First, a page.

Employee Stock Ownership Plans (ESOPs) are basically rights given to employees of a company. These rights pertain to buying shares of the company at a fixed price on the date of the grant. ESOPs can be in the form of Stock Option Plans, Phantom Equity Plans and Stock Purchase Plans.
ESOPs are the best and most frequently used tools to retain top notch employees in a company. Apart from this, ESOP has various other advantages like:
Usually, companies adopt one or more of the following types of plans. There can be variations in the specific terms to make it relevant to its business needs and objectives:
The selection criteria would completely depend upon the objective of the implementation of the ESOP Plan. Say, if the objective is to use ESOP as a talent retention tool, then you can plan the vesting period to be longer than usual. If your objective is to use it as an incentive tool, you may keep the exercise price low. This would enable the employee to enjoy an upside when he sells off his holding. Again, if your objective is to use it as a part of remuneration mechanism, the eligibility criteria could be accordingly widened.
The organization can have its separate blue print for determining the eligibility criteria for the purpose of this plan.However, there are few statutory eligibility criteria which you have to keep in mind:
A company grants to an employee the option to buy a certain number of shares in the company at a fixed price after a certain number of years (option period). Before the employee can exercise the option he is usually required to complete the vesting period. This typically means that he has to continue to work for the Company for a minimum number of years before part or all of the options can be exercised.
Grant is the act of commitment made by the employer through informing the employee of the eligibility for the Options. This is done by way of sending the Grant Letters to the employees as a part of the ESOP Plan which is in place.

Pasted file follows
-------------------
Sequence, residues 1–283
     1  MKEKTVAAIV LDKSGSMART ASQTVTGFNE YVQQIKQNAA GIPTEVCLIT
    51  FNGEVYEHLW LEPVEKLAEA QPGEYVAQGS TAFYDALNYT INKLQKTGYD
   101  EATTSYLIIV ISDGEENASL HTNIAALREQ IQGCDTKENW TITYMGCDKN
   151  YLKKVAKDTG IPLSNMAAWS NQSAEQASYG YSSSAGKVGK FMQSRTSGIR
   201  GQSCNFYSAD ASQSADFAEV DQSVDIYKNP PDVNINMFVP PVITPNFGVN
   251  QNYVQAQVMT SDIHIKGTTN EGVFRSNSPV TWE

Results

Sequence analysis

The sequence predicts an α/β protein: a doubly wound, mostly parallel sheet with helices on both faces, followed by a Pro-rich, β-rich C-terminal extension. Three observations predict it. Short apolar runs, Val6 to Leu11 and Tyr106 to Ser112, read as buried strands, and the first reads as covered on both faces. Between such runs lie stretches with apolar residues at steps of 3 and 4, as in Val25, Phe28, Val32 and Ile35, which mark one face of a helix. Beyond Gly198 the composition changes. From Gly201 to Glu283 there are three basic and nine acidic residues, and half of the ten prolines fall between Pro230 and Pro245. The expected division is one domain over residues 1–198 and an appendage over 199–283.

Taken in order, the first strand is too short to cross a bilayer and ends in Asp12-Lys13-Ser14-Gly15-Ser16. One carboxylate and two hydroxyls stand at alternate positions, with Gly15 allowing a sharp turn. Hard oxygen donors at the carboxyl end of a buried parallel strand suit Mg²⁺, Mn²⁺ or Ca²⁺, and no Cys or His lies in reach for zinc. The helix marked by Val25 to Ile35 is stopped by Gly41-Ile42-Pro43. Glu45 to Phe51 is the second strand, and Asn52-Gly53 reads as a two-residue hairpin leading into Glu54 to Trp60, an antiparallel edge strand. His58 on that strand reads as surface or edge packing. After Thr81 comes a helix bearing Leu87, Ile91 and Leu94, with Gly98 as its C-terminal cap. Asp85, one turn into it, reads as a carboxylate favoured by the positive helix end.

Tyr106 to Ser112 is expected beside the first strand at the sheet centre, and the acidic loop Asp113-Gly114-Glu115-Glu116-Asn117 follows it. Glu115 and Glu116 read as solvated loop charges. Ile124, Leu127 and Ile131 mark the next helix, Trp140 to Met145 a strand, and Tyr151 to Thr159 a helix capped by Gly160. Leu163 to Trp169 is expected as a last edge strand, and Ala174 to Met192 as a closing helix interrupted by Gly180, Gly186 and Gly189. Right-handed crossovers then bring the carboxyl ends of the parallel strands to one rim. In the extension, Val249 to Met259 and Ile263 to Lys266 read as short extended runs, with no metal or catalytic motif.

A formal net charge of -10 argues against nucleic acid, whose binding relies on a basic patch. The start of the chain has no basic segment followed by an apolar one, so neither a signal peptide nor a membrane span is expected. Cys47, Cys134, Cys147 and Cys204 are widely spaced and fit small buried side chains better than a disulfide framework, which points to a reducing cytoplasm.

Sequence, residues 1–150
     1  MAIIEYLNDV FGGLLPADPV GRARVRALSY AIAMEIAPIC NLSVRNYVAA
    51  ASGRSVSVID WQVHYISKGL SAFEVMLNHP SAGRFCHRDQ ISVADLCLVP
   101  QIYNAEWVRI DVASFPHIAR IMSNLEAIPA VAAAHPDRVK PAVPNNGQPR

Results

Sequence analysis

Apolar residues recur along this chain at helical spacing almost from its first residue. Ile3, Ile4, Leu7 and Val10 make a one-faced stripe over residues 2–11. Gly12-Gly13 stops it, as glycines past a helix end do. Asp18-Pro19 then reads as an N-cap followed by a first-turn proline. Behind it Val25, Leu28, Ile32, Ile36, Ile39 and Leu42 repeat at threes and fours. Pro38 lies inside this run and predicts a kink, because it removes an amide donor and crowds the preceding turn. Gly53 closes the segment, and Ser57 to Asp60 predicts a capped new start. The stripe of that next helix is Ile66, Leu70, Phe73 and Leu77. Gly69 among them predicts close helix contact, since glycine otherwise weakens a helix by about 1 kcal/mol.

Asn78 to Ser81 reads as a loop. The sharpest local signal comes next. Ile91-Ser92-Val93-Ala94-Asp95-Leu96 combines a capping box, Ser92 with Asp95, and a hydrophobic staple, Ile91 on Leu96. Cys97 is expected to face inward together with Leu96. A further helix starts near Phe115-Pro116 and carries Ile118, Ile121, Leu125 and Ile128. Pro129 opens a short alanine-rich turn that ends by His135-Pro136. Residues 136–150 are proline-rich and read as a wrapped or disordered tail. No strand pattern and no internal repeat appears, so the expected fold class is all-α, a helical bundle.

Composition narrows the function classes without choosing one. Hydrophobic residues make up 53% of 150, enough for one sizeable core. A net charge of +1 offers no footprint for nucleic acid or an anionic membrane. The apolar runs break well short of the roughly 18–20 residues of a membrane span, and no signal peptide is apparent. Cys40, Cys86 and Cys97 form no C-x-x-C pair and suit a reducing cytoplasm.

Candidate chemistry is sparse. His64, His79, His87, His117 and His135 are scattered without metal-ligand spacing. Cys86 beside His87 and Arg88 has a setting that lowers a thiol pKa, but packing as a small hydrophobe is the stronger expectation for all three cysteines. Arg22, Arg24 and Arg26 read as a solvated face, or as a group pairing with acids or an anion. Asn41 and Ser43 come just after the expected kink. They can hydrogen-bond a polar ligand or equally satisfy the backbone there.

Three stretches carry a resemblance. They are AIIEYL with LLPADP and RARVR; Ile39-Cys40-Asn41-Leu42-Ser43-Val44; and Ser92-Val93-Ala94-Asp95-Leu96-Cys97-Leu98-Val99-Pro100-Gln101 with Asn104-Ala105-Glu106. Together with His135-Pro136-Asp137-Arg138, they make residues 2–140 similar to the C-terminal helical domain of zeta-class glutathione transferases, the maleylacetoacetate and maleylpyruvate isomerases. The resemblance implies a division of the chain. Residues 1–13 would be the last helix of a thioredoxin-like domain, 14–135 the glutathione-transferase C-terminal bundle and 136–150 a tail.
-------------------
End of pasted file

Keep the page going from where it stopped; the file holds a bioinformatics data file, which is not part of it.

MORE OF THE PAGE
Vesting is the process by which a company grants non-forfeitable rights over the shares of the company. Vesting gives an employee rights to own the shares of the company over time. Vesting basically has two parts – Vesting percentage is the portion of the total options Granted which can be exercised on completion of the Vesting Period.
Exercise is the act of paying the Exercise Price to convert the Options into Shares.
Exercise Price is the pre-determined price at which the options are offered to the employees.
Options are not valid for a lifetime. After a certain period, typically on termination of employee or expiry of Exercise Period, the Options lapse. Lapsed options cannot be converted into shares.
Exercise Period is the period after the Vesting Period within which the employee has to Exercise.
There are two stages of taxability in the hands of the employee which is as below:
Yes, in the hands of the Company issuing the ESOPS, it is allowed to claim ESOP costs as deductions.
There is no statutory limit for this. This completely depends upon the objective of the of the ESOP plan, the frequency of the ESOP grant in the company and company’s internal policies and mechanisms.
Mere grant of an option does not make an employee shareholder of the company. Options are not shares; they are rights to own shares. These become shares only when employee exercises that right.
Yes, they can. However, as per Industry practice, since the shares are not publicly traded, employees need to be provided with an exit option.
Yes, it can. However, the Articles of Association of the company must have such enabling provision.
Constitution of Compensation Committee is compulsory only for listed companies. Private limited companies and closely held companies are not required to form such committee compulsorily.
Yes, there quite a few corporate and legal compliances associated with ESOPs. The laws that dictate implementation of Equity Compensation plans are:
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